6 May 1, 1987 - May 1, 1993 Lin Yang-kang Wang Tao-yuan
May 1, 1993 - Sep 1, 1994 Lu Yu-wen
7 Sep 1, 1994 - Aug 1, 1998 Shih Chi-yang
Aug 1, 1998 - Feb 1, 1999 Post vacant Constitution amended, justices took over the positions

1997 Constitution amendment

Term Date President Vice President
1 Feb 1, 1999 - Sep 30, 2003 Weng Yueh-sheng Cheng Chung-mo
2 Oct 1, 2003 - Apr 7, 2006 Weng Yueh-sheng Cheng Chung-mo
3 Apr 7, 2006 - Sep 30, 2007 Lai In-jaw
4 Oct 1, 2007 - Jul 18, 2010 Lai In-jaw Hsieh Tsai-chuan
Jul 19, 2010 - Oct 12, 2010 Vice President as Acting President
5 Oct 13, 2010 - Oct 31, 2016 Rai Hau-min Su Yeong-chin
6 Nove 1, 2016 - present Hsu Tzong-li Tsai Jeong-duen

See also

References

  1. ^ a b c d e f See Constitution arts. 77-82, available at "Constitution of the Republic of China (Taiwan)". January 1, 1947.
  2. ^ a b c See Additional Articles of the Constitution art. 5, available at "Additional Articles of the Constitution of the Republic of China (Taiwan)". July 10, 2005.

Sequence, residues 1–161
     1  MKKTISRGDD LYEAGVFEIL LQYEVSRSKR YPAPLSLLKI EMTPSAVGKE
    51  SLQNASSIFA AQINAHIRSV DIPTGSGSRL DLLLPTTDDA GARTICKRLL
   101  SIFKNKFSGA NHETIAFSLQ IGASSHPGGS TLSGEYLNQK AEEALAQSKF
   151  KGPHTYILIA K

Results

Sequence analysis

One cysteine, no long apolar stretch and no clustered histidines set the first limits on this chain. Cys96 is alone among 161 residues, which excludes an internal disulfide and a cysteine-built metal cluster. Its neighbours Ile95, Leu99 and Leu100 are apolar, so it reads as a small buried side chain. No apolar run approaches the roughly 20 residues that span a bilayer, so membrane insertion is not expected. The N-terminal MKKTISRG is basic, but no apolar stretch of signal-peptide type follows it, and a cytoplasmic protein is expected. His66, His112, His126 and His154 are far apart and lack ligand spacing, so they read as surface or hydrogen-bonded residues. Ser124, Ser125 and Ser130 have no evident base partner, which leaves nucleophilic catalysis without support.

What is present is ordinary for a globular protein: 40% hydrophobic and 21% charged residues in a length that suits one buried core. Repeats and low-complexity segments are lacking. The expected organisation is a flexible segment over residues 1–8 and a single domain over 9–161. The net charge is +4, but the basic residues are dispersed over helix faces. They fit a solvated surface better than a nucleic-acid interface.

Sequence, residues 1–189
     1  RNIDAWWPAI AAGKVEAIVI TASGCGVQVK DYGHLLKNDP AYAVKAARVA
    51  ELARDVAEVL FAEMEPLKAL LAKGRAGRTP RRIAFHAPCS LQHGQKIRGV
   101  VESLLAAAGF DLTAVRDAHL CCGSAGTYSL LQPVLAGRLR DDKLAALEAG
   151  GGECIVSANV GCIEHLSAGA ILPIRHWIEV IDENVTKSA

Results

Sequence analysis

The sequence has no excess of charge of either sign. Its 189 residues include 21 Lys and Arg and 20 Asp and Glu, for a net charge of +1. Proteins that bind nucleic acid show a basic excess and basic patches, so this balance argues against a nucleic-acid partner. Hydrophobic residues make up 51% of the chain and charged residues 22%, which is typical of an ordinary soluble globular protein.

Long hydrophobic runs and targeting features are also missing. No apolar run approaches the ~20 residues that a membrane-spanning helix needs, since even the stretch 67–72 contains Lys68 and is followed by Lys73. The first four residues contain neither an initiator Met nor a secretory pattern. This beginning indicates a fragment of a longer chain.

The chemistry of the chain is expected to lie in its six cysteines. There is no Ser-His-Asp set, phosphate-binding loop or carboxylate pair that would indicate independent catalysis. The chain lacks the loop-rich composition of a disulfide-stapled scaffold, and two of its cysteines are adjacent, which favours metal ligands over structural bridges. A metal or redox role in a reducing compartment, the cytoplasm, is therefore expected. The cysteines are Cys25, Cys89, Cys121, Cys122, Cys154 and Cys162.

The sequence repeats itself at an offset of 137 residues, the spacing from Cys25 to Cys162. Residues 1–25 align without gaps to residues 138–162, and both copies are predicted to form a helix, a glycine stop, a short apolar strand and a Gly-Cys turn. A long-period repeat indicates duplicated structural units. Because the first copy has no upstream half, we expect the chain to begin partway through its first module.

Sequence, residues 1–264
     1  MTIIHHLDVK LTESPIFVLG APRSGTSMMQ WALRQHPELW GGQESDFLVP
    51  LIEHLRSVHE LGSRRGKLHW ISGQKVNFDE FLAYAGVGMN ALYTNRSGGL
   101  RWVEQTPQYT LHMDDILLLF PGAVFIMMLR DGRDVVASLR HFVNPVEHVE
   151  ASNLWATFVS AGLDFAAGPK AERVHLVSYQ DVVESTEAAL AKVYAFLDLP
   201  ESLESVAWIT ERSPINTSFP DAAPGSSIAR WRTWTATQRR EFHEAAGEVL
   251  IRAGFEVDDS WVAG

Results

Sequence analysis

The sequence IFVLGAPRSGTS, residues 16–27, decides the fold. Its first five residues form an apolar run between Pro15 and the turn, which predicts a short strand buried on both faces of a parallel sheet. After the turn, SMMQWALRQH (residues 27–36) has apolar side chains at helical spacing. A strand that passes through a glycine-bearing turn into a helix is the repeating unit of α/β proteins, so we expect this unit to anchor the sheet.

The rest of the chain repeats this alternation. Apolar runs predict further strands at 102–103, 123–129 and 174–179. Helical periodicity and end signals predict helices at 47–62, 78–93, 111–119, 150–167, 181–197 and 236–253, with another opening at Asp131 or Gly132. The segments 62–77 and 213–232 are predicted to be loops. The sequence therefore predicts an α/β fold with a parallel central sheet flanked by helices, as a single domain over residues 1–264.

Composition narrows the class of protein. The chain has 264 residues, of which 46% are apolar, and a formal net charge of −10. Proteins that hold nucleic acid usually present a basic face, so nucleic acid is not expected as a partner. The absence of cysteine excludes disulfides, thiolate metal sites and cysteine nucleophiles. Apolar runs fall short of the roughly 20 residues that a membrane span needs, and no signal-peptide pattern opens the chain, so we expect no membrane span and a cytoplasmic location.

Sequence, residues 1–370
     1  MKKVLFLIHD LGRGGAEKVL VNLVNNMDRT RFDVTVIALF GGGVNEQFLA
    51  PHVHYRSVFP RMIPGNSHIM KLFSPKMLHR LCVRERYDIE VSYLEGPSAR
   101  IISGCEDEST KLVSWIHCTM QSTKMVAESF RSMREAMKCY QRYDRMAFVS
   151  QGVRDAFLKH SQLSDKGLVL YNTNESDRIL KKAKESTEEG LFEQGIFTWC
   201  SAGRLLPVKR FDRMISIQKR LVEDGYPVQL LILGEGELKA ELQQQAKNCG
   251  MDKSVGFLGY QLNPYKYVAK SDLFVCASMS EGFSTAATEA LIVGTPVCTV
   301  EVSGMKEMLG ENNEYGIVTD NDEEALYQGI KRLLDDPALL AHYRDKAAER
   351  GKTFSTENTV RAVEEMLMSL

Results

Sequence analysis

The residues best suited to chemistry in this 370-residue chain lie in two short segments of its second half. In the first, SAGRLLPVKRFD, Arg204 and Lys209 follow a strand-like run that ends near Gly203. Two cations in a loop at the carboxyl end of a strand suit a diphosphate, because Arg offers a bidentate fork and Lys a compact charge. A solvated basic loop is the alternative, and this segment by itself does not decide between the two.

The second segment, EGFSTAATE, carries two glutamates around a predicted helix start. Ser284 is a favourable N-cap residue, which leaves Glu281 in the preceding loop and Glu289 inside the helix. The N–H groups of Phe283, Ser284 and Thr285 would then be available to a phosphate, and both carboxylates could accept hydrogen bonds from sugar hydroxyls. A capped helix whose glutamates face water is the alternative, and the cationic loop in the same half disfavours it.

3. ^ a b c d e f g See Introduction to the Judicial Yuan, available at "Judicial Yuan >> About Us >> Introduction".
  4. ^ "Justices of the Constitutional Court". October 1, 2019.
  5. ^ No. 1
  6. ^ No. 31
  7. ^ No. 86 Separation of the Judicial and the Prosecutorial Institutions Case
  8. ^ No. 99
  9. ^ No. 261 Terms of Office of the First Congress Members Case
  10. ^ No. 328
  11. ^ No. 365 Father's Preferred Parental Rights Case
  12. ^ No. 499 Unconstitutional Constitutional Amendments Case
  13. ^ No. 644 The Prohibition against Associations Advocating Communism or Secession Case
  14. ^ No. 748 Same-Sex Marriage Case
  15. ^ a b c d See, Taiwan High Court, available athttp://tph.judicial.gov.tw/en/default.htm (last visited Mar. 28, 2012)
  16. ^ a b c d e f g h i j See, Taipei District Court, About Us - Organization,http://tpd.judicial.gov.tw/indexen.asp?struID=52&navID=53&contentID=125 (last visited Mar. 28, 2012)
  17. ^ "Intellectual Property Court". July 17, 2020.
  18. ^ "? (Disciplinary Court)". July 17, 2020.

External links